A number of U.K.-based law firms have dropped formal, annual attorney performance reviews in favor of ongoing assessments in recent months, a trend that could soon catch on at U.S.-based BigLaw firms.
Allen & Overy, RPC, Hogan Lovells and Linklaters LLP have ditched, or are in the process of ditching, annual performance reviews or assessments and are moving instead to more frequent, less formal methods of determining and communicating performance, according to U.K. media reports, and others in Britain are considering doing the same.
According to Jacquelyn Knight, a partner in Major Lindsey & Africa’s New York office, formal reviews are still officially scheduled at most U.S. law firms once a year, but she agrees with Zimmermann that firms have begun to provide feedback more regularly, both in the U.S. and the U.K.
“Although the traditional annual review still stands, the review process has evolved,” Knight said. “Firms are getting better at tracking numbers with new technology and the addition of business professionals at law firms.”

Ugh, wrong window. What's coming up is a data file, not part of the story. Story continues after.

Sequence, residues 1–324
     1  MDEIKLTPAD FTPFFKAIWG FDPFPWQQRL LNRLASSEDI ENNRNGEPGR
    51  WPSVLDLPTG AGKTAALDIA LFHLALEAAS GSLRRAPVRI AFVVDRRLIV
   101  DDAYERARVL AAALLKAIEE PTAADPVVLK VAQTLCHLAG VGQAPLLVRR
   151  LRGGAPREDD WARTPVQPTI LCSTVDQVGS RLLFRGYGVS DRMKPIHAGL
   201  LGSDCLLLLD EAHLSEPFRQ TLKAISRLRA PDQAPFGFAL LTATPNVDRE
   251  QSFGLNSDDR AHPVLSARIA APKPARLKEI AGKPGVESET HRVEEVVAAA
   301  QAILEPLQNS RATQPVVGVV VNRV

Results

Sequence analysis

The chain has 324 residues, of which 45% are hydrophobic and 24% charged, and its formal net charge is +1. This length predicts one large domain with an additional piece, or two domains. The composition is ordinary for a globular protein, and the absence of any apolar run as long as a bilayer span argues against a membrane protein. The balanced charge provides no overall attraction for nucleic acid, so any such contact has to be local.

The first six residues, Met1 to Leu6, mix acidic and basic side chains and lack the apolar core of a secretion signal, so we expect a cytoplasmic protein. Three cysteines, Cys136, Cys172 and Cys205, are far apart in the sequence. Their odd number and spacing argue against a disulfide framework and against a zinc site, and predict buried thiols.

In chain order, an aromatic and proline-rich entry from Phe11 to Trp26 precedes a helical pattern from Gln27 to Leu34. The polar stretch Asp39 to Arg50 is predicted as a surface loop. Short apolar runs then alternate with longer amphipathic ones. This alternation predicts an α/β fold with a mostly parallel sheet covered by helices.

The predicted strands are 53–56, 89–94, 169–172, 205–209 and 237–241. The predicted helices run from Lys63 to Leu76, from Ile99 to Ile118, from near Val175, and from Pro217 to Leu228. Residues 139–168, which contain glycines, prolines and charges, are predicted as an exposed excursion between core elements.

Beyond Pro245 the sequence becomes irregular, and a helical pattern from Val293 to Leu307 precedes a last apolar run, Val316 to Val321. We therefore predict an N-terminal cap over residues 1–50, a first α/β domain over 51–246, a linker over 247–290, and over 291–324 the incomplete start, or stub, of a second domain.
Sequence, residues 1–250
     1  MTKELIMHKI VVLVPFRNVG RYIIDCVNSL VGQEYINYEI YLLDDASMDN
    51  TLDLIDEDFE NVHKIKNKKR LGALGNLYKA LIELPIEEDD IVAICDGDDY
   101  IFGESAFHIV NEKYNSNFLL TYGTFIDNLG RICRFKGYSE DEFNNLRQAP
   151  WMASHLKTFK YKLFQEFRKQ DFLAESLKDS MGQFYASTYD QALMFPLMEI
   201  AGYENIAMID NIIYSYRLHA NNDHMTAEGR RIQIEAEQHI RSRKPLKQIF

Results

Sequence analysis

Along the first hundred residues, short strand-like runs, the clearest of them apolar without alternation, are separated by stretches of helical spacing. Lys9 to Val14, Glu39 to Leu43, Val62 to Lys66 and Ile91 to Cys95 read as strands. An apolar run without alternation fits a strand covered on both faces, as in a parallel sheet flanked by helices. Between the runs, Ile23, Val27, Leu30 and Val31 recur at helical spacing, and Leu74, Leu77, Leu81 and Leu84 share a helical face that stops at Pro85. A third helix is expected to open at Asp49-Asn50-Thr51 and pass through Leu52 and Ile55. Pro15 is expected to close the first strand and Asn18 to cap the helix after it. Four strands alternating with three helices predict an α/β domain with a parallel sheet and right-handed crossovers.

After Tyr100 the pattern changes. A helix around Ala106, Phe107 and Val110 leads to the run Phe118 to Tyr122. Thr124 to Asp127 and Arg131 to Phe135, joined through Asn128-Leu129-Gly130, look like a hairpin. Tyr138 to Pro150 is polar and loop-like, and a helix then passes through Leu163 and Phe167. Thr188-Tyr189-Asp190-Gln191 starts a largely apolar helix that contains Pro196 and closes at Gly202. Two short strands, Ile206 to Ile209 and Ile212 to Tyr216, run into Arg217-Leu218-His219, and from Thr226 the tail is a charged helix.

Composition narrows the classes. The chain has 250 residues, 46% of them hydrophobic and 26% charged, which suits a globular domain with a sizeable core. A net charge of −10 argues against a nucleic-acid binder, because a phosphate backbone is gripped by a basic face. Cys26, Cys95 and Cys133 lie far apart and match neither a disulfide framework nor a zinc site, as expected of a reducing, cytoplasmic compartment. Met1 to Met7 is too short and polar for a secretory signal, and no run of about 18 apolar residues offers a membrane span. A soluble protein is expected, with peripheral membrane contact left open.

However, she said, less is not more when it comes to meaningful feedback, and technology can't replace the important "soft stuff" — good conversations about what the attorney under review does and what they may be missing.
“For partners, more regular feedback — or even biannual or quarterly reviews — is growing in popularity,” she said. “Increased communication with partners provides more information regarding his or her individual accomplishments and what they can do to improve.”
And for more junior lawyers, the person who delivers their feedback is another factor shifting in review systems, according to Knight. In an effort to address associate retention and the cost of attrition, some junior associates may receive feedback directly from the senior associates and counsel that interact with them daily, she said.
“Attorneys at all levels want to know where they stand, their likelihood for promotion, and potential leadership positions within their firms,” she said. “Communicating to attorneys their accomplishments and weaknesses more often leads to improved performance for clients and teamwork, so increasing the regularity of communication can be a win-win for firms.”